Gov. David Ige said the state government’s relationship with the Navy has improved in the months following a fuel spill in Red Hill that poisoned military families and threatened the water supply for much of urban Oahu.

But Ige said the Navy has a lot of work to do to mend ties with the general public following the publication of videos depicting the fuel leak, which the Navy previously told the state did not exist.

“People are very very skeptical,” Ige said during the Honolulu Star-Advertiser’s “Spotlight Hawaii” program on Wednesday.

Governor David Ige holds a press conference announcing bills he intends to veto.
Gov. David Ige said Wednesday that state officials asked for video of a fuel spill at Red Hill, only to be told none existed. Cory Lum/Civil Beat/2022

Ige’s comments came in response to a question about cellphone videos that depict fuel raining from a pipe into a tunnel in the Red Hill storage facility. The governor said state officials asked for video of the November leak. But the Navy told the state that none was available.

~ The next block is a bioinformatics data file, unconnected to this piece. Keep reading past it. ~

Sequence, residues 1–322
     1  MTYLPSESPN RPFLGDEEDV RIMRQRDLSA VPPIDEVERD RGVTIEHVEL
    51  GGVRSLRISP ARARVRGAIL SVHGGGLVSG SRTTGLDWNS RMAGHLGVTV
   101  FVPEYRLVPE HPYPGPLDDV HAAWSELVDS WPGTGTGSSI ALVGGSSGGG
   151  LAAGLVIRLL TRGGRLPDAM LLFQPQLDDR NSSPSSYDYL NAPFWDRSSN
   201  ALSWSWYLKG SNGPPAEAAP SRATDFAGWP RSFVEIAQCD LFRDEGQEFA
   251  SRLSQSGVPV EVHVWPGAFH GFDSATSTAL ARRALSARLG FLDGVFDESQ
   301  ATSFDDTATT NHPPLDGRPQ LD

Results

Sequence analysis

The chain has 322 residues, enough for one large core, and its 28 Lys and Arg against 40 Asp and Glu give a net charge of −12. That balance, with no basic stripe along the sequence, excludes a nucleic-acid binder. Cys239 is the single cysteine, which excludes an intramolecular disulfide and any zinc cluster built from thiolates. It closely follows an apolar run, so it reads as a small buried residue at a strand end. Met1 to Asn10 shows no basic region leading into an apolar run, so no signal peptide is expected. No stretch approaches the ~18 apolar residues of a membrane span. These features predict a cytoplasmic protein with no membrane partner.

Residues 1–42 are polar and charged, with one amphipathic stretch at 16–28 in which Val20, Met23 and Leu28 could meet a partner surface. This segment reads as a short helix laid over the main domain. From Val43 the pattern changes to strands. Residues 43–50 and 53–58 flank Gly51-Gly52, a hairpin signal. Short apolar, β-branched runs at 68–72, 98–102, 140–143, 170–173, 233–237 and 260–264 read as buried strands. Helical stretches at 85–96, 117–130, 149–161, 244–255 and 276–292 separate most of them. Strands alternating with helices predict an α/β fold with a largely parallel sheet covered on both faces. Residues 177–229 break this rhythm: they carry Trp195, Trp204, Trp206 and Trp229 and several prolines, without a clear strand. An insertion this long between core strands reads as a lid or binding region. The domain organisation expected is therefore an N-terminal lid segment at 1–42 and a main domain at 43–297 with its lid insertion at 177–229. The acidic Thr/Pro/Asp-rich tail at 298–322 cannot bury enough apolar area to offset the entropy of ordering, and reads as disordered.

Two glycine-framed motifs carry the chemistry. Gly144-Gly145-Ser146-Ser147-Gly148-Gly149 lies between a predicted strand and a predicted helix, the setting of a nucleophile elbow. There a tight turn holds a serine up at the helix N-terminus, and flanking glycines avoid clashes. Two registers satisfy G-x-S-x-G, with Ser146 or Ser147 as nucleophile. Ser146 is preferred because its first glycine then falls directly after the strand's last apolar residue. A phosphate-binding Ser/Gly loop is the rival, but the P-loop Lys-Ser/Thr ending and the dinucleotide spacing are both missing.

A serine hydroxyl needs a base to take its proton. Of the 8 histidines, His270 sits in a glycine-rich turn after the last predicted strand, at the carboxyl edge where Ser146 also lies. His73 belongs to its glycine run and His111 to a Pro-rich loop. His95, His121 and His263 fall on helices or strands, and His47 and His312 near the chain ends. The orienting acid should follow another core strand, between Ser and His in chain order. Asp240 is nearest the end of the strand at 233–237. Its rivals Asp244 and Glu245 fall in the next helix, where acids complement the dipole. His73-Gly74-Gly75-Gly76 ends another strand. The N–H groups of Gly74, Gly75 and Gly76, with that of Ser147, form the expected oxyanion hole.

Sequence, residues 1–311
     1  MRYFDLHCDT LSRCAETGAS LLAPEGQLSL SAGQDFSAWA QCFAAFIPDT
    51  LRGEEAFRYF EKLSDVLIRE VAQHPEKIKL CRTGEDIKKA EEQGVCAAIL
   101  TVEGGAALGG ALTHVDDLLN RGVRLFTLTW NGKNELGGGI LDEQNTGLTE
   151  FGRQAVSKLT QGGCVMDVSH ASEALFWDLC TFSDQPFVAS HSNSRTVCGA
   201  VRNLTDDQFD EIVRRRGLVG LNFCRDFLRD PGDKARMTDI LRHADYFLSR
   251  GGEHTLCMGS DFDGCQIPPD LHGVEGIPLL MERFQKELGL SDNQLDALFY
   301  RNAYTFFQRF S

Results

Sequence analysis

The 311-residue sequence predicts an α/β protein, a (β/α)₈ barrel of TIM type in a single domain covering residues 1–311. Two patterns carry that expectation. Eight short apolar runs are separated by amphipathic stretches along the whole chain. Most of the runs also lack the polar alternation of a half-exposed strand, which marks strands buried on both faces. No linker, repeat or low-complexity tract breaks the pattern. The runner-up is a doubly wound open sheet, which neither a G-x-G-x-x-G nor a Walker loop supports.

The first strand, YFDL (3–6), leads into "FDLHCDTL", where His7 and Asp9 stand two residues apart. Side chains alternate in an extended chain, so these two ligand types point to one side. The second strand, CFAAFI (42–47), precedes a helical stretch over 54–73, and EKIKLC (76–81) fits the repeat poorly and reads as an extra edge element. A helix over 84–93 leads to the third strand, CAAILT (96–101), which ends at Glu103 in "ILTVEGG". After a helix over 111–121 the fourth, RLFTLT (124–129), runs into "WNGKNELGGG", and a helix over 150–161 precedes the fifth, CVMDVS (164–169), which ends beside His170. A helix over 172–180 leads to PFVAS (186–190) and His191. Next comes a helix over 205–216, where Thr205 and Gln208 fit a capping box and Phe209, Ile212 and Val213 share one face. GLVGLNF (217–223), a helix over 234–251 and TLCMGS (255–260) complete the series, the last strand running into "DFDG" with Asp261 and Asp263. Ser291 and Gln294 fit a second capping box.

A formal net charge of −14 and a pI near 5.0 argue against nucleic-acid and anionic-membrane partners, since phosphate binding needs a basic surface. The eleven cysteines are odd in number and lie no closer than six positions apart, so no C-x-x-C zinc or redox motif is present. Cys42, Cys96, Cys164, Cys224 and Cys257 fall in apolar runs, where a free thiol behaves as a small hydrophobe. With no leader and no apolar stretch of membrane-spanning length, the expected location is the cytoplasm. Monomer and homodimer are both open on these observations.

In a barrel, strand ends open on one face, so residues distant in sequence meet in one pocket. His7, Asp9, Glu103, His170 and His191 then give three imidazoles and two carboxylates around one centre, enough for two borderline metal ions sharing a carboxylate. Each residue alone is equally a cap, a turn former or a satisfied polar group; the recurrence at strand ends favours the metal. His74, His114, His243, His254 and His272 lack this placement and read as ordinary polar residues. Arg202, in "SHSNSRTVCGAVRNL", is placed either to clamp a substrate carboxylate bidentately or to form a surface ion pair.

“They assured us — they told us — that no video was available, that the cameras were not operating at that point in time. I was very surprised,” Ige said of the videos published by Civil Beat.

Ige said relations have improved “but then again, we get this report and there’s more information. There’s a video that we were assured did not exist. And yet it appears. There definitely is a lot more work that will be required of the Navy to restore trust between the federal government and the state government. And the Navy and the general public.”

An investigation by the U.S. Pacific Fleet found that Navy officials failed to properly respond to the fuel leaks. The fuel facility built in 1941 is scheduled to be decommissioned in 2024.

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